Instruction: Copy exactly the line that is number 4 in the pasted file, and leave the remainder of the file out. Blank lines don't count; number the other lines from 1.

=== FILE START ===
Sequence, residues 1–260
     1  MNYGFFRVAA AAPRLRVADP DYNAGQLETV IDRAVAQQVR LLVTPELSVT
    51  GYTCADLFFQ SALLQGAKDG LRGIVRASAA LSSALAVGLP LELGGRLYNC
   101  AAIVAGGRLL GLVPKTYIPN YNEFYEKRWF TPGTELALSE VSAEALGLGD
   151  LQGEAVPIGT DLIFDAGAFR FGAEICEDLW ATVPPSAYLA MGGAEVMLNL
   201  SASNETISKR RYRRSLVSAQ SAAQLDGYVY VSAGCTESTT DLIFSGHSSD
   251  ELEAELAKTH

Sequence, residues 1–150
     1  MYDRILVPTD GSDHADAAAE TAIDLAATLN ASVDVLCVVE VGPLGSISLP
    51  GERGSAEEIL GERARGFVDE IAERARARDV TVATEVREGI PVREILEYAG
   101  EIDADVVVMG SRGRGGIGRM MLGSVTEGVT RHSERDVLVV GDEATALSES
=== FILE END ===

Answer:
   101  AAIVAGGRLL GLVPKTYIPN YNEFYEKRWF TPGTELALSE VSAEALGLGD